Nov 19, 2010, 11:50AM

"Do who you wanna do"

Dan Savage's Gray Rights Movement, OkCupid's raw data, and those who just don't feel the need to narrow it down.

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The lead story in this week’s “Savage Love," for those who haven’t read it: A married man of 16 years who enjoys some frequent, uh, extra-marital dalliances decides he’s finally going to live out his fantasy of fucking a tranny. So he does, and, what do you know, he loves it. “She had a dick, sure, but she was the hottest fucking girl I have ever seen—absolutely gorgeous.” Does this, the anonymous tranny-fucker wants to know, make him gay?

Savage’s answer is a superb navigation of our complicated sexual politics, and it’s worth quoting at length:

An awful lot of "rounding up" and "rounding down" goes on when it comes to sexual identities. There are bi women out there who round themselves up to lesbian because they're with women or primarily attracted to women or afraid of mean lesbians who hate bi women. (Some of those mean lesbians are, predictably enough, bi themselves.) Some bi guys in gay relationships round themselves up to gay; a small number of gays and lesbians round themselves down to bi in solidarity or something; and lots of bi men and women in straight relationships round themselves down to straight. (And there are gay men and lesbians—100 percent homos—who identify as straight. These closet cases aren't rounding up or down; they're lying.)

Backing way the hell up: Sexual identity is a combo platter. There's who you wanna do, who you are doing, and who you tell people you are. You can't control who you wanna do—sexual orientation is not a choice—but you get to choose who you wind up doing and who you tell people you are. Don't wanna have a miserable sex life? Do who you wanna do. Don't wanna be a messy closet case à la Haggard, Craig, and Rekers? Tell the truth about who you're doing.

“Savage Love” readers—judging from the comments anyway—predictably don’t have any problem with this analysis, but I think it’s pretty obvious most Americans aren’t so open and understanding about sexuality, theirs or anyone else’s. Let’s leave aside all the gay marriage opponents, all the lunatic Christian fundamentalists who think those fucking faggots will burn in hell, all talk about Don’t Ask Don’t Tell and gay adoption, etc. etc.

I’ve rarely been confronted with outright anti-gay hatred (and I was born in fucking Appalachia), and most every heterosexual I’ve ever met tends to have an attitude of what I’ll call ambivalent schmeh: “Gay? Yeah, man. Whatever. No big deal. Do what you do.” And that’s great. It may not equal outright Ally support but it’s acceptance all the same.

And yet, even among smart hip twentysomethings, there’s still a pretty strict dichotomy: You’re straight or you’re gay. Both are fine, sure, but it’s one or the other. A guy who’s fucked guys, or been blown by guys, or blown guys, or maybe just watches a little too much Bravo? He was either experimenting and now he’s over it, or he’ll be full-on, all-out gay in a year, just you wait. I’ve heard this more times than I can remember. And, to be fair, Kinsey Scale aside, I’ve rarely met an open, self-identified bisexual, as I’ve been known to call myself, probably because we prefer not to really think about it all that much. “Don’t wanna have a miserable sex life? Do who you wanna do.” That is pretty much our motto, and most of us just leave it at that. There is, I think, a fair amount of skittishness about demarcating our sexual interests too clearly—probably because we aren’t too sure about all of it ourselves—so all-too-often we end up saying things like, “Labels are so passé,” or, “If I like someone I like someone, let’s just leave it at that.” But judging by all the angry commenters on last year’s Michael Musto blog post, “Ever Meet a Real Bisexual?”, and similar articles from years past, Banner-Waving Bisexuals are out there, and they’ll get really fucking angry if you start talking like they’re just kidding themselves.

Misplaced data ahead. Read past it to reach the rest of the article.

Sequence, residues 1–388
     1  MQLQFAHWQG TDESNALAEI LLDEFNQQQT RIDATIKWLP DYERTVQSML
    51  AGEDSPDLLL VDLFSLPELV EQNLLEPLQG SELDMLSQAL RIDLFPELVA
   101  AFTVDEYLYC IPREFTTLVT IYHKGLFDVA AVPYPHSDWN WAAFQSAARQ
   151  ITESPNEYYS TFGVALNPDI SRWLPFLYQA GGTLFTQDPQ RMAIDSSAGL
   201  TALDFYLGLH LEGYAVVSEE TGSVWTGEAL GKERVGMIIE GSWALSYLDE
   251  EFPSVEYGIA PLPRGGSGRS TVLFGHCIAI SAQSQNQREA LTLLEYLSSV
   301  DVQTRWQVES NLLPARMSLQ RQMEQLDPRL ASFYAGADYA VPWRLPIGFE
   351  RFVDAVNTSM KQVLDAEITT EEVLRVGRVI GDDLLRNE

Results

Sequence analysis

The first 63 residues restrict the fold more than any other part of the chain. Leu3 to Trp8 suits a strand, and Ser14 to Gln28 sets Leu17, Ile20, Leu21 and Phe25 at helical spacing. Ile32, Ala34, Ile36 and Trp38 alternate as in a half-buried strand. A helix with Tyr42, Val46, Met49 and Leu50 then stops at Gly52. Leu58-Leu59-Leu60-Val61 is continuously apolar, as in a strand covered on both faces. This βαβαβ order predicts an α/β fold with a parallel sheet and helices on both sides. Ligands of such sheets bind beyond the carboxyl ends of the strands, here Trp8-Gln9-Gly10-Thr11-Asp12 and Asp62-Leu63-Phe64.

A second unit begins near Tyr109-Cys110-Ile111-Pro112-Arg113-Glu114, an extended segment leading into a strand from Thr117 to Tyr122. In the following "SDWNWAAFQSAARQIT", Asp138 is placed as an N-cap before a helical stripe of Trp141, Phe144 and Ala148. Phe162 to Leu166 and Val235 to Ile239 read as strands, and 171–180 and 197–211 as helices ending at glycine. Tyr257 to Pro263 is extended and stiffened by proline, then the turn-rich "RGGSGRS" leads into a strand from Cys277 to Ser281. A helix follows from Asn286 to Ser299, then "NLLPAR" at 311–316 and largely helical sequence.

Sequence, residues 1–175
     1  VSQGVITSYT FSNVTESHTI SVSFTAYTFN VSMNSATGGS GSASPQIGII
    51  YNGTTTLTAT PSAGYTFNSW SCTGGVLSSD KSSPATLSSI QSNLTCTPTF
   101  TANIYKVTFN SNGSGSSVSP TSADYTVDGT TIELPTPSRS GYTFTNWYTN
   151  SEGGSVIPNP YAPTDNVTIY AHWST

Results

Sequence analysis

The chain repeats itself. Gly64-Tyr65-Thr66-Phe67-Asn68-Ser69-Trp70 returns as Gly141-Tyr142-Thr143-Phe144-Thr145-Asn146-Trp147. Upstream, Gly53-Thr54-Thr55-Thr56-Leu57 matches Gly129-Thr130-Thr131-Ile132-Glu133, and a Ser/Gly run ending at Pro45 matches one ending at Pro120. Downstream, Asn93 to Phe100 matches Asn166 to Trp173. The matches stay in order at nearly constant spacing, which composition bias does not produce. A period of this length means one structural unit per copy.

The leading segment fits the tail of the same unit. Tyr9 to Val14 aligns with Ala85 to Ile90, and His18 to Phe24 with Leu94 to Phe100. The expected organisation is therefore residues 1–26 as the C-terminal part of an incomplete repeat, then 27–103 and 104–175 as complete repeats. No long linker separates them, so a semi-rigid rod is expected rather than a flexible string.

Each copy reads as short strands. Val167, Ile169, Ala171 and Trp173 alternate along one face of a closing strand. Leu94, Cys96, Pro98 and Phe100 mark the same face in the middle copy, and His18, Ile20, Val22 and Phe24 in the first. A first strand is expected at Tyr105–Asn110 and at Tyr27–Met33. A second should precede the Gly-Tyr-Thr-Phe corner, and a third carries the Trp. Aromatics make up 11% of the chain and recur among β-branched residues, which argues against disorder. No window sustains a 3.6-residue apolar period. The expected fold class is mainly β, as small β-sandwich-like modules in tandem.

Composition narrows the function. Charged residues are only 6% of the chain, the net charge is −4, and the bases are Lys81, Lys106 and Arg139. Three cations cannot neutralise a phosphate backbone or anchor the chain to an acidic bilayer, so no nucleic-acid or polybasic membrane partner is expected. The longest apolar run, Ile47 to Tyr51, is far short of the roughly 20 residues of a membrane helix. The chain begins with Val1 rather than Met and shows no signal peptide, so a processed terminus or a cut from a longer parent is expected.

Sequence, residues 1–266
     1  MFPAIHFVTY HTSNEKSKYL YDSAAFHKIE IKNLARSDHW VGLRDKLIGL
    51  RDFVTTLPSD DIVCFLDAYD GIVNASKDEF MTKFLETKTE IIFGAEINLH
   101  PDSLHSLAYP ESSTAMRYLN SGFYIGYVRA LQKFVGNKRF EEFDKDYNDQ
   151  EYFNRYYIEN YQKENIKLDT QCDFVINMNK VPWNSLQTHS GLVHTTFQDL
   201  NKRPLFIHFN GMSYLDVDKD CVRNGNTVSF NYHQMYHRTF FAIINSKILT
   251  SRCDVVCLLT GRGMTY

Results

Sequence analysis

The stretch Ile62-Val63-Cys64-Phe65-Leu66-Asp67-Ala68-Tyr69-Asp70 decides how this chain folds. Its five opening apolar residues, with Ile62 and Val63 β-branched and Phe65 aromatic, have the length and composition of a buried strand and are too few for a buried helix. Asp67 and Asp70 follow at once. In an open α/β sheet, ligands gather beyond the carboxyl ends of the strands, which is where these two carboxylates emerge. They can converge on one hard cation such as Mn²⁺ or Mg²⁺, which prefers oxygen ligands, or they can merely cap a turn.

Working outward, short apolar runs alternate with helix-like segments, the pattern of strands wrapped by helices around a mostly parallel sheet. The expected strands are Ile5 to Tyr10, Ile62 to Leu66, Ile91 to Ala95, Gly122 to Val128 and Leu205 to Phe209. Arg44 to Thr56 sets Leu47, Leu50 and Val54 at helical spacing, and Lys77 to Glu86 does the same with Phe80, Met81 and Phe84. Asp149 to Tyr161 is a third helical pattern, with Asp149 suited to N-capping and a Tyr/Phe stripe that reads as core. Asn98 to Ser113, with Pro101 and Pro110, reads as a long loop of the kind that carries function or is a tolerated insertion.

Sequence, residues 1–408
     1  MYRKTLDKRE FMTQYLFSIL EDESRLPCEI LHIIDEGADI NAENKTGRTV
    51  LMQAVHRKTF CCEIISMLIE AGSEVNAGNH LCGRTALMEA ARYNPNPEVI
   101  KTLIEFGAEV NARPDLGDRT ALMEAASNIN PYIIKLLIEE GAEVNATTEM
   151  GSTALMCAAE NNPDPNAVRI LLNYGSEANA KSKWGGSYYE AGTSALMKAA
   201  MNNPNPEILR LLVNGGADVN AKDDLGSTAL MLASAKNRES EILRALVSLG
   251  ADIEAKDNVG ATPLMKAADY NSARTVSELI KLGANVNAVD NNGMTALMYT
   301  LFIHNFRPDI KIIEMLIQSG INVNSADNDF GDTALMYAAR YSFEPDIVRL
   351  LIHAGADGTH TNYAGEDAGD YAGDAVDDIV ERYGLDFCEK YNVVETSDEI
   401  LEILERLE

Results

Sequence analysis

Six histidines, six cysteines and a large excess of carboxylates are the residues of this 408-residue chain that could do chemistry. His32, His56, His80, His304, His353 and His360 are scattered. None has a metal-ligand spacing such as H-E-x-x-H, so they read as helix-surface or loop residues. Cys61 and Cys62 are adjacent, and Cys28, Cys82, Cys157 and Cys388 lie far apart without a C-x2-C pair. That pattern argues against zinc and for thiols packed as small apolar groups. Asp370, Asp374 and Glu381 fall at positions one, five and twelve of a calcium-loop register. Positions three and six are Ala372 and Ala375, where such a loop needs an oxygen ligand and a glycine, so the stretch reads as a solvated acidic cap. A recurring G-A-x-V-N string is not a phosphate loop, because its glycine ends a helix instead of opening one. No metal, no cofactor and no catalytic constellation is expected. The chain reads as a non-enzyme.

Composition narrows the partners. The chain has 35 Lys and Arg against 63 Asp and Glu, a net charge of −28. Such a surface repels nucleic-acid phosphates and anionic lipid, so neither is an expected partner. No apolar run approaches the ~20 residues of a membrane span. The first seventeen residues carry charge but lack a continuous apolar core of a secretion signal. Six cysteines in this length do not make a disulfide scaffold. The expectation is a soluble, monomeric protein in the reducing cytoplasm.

For my own part, that straight/gay dichotomy also breaks down into some pretty heavy cultural divisions. OkTrends, the surprisingly smart OkCupid blog, did a great post about this last month. After destroying some common myths like 1) Gays are sluttier and 2) Gays are out to turn all you straight fucks into real queens (As OkTrends found, “only .13% of straight people’s profile visitors are gay”), they made two hilarious lists, Stuff Gay People Like and Stuff Straight People Like. And what are the top five things gay men like, according to the stuff listed on their profile? The Devil Wears Prada, Britney Spears, Mean Girls, Kelly Clarkson, and, curiously, The Color Purple. Yes, that’s pretty much uncomfortably stereotypical (except for The Color Purple, what the fuck's up with that?), and frankly I can’t relate; all that shit is miles from anything I want to associate with, which is probably another reason I don’t often say, yes, I’m also attracted to men. Maybe that’s tacitly self-hating, I don’t know.

Anyway, kudos to Dan Savage for laying it all out clearly and sensibly; in the middle of straight/gay there’s a whole lot of desire and attraction and fetish and weird kink that doesn’t offer itself up to easy definition, nor should it.

  • Dan Savage's commentary is particularly astute as always, and I feel like he's one of the only people in the media who really Gets It. Sex shouldn't be anybody's business but their own. It's a waste of energy to have so much hatred and stigmas and legislation forced on something that should be private, and more importantly, not worth anyone's concern. There are thousands of people in Haiti with cholera and Santorum's mad about a dildo? Dude.

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